How to Finish the Inside of a 12 X 20 Cabin on a Budget




About: Just a normal guy trying to make it in life .Good paying job but mindless sometimes .I enjoy making things in my garage to keep my mind going .. Its fun making something new but its more fun taking somethi...

Finishing the inside of the cabin with my budget was a little trying at times.

Step 1: Running the Electric Line

First thing i had to do was to dig a trench 50 feet.  Then i Ran 12/2 uf   underground wire through 3/4 inch conduit from the panel box in the garage to the junction box in the cabin.

Step 2: Junction Box Illustration

Step 3: Wiring

 The 1st picture shows the power wires coming from the junction box to the 1st outlet which is a  gfi outlet .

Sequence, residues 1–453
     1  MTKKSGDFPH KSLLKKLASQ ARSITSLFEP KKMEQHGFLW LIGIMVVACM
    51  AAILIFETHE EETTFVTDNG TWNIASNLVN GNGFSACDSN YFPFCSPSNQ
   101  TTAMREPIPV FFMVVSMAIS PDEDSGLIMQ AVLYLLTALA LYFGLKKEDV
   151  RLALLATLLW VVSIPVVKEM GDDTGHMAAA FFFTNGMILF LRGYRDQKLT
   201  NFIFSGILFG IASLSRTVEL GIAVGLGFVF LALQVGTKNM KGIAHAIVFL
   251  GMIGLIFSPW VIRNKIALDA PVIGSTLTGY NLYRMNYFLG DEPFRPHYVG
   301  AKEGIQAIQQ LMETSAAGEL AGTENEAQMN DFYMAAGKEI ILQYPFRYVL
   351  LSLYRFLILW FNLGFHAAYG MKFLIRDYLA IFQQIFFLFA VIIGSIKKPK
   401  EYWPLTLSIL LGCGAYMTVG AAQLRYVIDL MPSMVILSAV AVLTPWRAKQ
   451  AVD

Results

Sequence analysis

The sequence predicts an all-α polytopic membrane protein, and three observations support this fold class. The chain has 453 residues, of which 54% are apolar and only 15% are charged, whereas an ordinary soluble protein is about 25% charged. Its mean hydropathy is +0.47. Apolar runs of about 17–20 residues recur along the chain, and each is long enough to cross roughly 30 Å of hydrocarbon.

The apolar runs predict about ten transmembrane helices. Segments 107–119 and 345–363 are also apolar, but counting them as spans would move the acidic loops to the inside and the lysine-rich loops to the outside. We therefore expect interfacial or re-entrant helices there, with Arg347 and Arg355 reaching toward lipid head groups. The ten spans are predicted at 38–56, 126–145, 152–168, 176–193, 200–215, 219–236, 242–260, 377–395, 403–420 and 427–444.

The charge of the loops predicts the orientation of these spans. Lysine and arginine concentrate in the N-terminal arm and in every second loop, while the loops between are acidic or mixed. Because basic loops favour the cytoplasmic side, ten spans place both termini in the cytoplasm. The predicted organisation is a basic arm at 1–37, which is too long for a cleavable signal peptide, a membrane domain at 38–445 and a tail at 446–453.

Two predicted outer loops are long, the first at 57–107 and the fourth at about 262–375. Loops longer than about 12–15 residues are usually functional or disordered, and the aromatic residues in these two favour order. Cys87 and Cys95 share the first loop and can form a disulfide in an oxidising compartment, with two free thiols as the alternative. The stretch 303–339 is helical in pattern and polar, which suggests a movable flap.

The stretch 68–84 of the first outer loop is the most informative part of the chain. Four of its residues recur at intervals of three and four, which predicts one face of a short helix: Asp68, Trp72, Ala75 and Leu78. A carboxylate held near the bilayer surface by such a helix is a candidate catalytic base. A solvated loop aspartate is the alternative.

The 2nd picture shows the power from the gfi going to the  double switches.
The 3rd picture shows going from outlet box  to outlet box from the 1st gfi outlet.

Step 4: Duel Switch Box Wiring Illustration

Step 5: Double Switch Outlet

Here shows the double switch outlet finished
   As the illustration shows on step 4  two small pigtails get tied together from the main power coming in . They are screwed to the two bottom gold screws on each switch. Then the 2 black wires coming of each of the power out wires  get screwed the the top black screws. Then all the whites get tied together and all the copper  grounds get  tied together .

Step 6: Outlet Wiring Illustration

Step 7: Outlet Wiring

(Line)  Power in wires -  The black wire goes to the bottom gold screw .The white wire goes to the opposite  side  across the outlet on the silver screw . Then the same goes for the (load) side power out wires.

Step 8: Wiring the Outside Light

Tie the two white wires together then the two blacks and then the two copper wires.

Step 9: Ceiling and Wall Boards